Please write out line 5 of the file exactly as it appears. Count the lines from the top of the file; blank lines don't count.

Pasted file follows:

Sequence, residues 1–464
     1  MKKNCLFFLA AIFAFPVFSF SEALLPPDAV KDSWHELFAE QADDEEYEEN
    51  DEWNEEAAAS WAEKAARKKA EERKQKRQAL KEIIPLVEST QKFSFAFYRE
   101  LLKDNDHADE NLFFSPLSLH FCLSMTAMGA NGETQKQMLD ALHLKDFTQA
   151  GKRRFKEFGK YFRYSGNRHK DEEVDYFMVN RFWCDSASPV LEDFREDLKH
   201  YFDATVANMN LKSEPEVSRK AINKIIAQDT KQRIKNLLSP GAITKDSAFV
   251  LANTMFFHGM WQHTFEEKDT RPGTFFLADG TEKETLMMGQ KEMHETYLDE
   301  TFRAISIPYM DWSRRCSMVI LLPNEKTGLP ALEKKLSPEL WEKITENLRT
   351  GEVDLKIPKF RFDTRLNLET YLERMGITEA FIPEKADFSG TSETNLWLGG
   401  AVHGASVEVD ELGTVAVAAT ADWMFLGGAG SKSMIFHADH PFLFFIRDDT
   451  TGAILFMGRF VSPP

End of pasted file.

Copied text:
   151  GKRRFKEFGK YFRYSGNRHK DEEVDYFMVN RFWCDSASPV LEDFREDLKH